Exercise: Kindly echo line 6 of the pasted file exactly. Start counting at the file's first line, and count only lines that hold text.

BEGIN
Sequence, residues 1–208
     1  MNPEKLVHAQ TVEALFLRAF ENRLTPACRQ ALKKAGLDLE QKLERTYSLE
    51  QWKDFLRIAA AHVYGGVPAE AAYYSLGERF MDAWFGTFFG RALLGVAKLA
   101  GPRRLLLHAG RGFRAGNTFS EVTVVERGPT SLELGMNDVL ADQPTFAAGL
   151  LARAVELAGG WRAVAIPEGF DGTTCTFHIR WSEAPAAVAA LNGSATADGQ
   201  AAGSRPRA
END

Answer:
   201  AAGSRPRA